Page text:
The Case for Faith: Objection #5


As noted in my previous article, I will be detailing important points from each chapter of Lee Strobel’s book, The Case for Faith, in subsequent articles. These articles, by nature, are going to be a bit longer, so I’d grab a snack and some coffee or tea and get ready for some mental exercise!

OBJECTION #5: It’s Offensive to Claim Jesus is the Only Way to God

Lee Strobel continues his search for answers to eight of the most emotional objections to Christianity in his sixth interview and fifth chapter of The Case for Faith with Ravi Zacharias, D.D., LL.D.  Dr. Zacharias, born and raised in India, has been called “a man of great spiritual perception and intellectual integrity” by Billy Graham.  He has authored several books, earned a master’s of divinity degree, and been conferred a few as well.  Knowing Dr Zacharias grew up among Muslims, Hindus, and Sikhs, Strobel believed his upbringing “would enrich his perspective on this troubling question of Christ’s exclusivity.”

Dr. Zacharias first points out that Christianity is not the only religion that claims exclusivity.  “The statement that Christians are arrogant by claiming exclusivity ignores the reality that every other major religion does as well.  So when people talk of arrogance, this cannot be a logical attack they are making.”  He then asserts that all truth is exclusive by definition.  He states that “if truth does not exclude, then no assertion of a truth claim is being made, it’s just an opinion that is being stated.  Any time you make a truth claim, you mean something contrary to it is false.  Truth excludes its opposite.”  Strobel then addresses the problem of Christians sounding smug rather than loving when proclaiming the truth that “no one gets to the Father except through [Jesus]”.  Dr. Zacharias concurs that it’s impossible to communicate the love of Jesus Christ in a non-loving manner and that arrogance can hinder a person’s receptivity to Christianity.  Interestingly, however, Dr. Zacharias points out that there is no Christianized country that threatens the lives of those of other faiths.  Sometimes the manner in which Christians spread the Gospel is not offensive and people are actually offended by the message itself.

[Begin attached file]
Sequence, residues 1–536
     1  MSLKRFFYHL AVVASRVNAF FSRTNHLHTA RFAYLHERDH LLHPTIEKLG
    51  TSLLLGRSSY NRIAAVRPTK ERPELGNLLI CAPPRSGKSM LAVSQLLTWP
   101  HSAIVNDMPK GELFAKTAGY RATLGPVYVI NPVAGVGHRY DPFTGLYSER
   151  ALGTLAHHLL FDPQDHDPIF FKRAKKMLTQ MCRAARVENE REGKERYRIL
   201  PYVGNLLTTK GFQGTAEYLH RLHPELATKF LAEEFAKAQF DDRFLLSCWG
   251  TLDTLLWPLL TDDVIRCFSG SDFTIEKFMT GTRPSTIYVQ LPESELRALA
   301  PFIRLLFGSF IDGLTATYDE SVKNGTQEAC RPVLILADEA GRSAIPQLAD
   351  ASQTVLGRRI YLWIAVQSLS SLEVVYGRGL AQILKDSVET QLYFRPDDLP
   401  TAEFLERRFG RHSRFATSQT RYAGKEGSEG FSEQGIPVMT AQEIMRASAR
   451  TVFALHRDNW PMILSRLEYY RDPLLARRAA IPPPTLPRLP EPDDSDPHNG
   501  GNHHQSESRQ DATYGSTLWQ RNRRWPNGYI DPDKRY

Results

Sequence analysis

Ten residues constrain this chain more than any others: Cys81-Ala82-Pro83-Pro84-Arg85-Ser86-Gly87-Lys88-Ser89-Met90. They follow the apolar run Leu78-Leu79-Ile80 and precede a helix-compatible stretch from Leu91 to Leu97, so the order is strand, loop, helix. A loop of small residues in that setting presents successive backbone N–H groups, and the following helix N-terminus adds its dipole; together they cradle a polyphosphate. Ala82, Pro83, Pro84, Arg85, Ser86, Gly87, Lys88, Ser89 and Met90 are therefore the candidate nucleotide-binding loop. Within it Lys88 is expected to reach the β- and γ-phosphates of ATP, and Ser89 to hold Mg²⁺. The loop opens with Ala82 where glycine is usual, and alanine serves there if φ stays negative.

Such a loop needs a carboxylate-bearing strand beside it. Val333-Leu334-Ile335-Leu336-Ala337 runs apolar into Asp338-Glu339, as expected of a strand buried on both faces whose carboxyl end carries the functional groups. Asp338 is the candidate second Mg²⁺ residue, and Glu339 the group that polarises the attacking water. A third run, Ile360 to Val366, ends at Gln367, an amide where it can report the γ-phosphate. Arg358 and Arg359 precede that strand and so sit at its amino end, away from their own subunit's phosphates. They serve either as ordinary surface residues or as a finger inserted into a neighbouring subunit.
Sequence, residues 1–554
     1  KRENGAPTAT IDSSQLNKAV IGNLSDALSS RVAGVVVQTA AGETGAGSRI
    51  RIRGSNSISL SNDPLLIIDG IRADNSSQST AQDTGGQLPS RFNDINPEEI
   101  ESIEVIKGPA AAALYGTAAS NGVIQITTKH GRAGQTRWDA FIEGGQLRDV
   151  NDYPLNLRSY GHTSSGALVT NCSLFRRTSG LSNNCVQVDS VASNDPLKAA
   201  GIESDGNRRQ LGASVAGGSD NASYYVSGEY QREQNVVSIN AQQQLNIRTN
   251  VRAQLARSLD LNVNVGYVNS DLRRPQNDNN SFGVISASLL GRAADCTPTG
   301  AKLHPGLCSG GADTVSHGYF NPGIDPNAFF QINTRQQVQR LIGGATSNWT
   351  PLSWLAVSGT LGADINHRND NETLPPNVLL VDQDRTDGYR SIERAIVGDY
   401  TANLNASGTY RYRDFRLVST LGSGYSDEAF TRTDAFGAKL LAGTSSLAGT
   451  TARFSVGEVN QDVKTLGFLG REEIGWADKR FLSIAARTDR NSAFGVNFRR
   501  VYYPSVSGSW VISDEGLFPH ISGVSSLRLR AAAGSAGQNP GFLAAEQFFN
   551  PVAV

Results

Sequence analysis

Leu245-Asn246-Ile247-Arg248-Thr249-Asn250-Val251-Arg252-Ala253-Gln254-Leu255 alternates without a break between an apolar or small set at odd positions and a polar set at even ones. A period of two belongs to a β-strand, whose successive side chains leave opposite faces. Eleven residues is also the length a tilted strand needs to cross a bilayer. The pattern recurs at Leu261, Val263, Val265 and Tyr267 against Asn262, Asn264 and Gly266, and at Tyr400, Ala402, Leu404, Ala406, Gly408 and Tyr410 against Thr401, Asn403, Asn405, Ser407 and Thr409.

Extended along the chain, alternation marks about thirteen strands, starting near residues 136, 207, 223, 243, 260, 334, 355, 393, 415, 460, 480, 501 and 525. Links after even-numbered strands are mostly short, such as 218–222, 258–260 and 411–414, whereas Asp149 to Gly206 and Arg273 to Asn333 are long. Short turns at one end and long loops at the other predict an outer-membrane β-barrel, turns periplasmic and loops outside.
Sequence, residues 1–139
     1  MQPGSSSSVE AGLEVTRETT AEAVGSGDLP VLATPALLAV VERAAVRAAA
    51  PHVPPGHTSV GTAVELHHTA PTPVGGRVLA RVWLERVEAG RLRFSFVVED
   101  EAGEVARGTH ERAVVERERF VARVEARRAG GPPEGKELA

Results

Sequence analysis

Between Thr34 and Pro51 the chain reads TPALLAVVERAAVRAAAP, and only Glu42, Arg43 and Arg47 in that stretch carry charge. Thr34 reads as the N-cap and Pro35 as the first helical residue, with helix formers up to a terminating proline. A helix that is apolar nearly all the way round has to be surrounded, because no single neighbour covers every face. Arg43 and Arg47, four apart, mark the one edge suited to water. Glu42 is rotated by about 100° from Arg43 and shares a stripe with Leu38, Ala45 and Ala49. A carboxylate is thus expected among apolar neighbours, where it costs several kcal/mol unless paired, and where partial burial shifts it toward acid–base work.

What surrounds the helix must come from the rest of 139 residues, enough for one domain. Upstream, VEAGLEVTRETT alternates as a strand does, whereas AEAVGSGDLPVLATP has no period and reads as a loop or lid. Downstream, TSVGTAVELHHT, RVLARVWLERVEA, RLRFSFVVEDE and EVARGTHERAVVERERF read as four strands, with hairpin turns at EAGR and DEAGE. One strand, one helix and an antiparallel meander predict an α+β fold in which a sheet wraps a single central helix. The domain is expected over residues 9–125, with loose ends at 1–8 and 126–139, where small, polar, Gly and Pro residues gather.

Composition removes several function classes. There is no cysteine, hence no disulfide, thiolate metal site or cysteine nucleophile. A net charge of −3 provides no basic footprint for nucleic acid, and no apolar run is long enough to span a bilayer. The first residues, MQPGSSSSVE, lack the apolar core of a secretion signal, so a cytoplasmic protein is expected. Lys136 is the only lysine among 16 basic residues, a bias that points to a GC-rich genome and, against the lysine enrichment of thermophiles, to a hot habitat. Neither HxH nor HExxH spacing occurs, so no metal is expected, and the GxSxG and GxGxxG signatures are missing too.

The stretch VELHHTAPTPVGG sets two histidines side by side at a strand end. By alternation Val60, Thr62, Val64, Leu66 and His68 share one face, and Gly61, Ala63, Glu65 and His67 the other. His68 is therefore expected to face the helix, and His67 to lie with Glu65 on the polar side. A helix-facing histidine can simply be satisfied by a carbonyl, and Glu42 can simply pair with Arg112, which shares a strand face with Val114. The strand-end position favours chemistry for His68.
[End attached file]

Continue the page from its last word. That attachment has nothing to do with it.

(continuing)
“On what basis do you believe this claim by Jesus is true?” Strobel asks Dr. Zacharias.  Aside from mentioning the historical event of the Resurrection as part of his answer, Dr. Zacharias believes that there are “four fundamental questions that every religion seeks to answer:  origin, meaning, morality, and destiny.  [He] believe[s] that only the answers of Jesus Christ correspond to reality.  There is a coherence among his answers unlike those of any other religion.”


  • Buddhism is nontheistic.  If there is no Creator, how was a moral law established?
  • Hinduism believes in reincarnation.  If every life pays for the previous life, then what do you pay for in your first birth?
  • Christianity says we are not identical to God but created by Him.  This explains a moral point of reference.


  • “God does not call us to meaning by asking us to be good people.”  Good works cannot get us into heaven.  “Works have a place–but as a demonstration of having received God’s forgiveness, not as a badge of merit of having earned it.”


  • Christianity argues that the standard of morality is not culturally based but comes from the character of God.  “If [morality] is over and above you, where do you find its root, then?  The only way to explain that is to find it in an eternal, moral, omnipotent, infinite God who is inseparable from his character.  Thus, Christianity explains morality in a coherent manner.”


  • This fundamental issue is based on the “resurrection of Jesus Christ, the historical event…that opened the door to heaven for everyone who will follow him.  Where else do you have anything that comes close to claiming this?”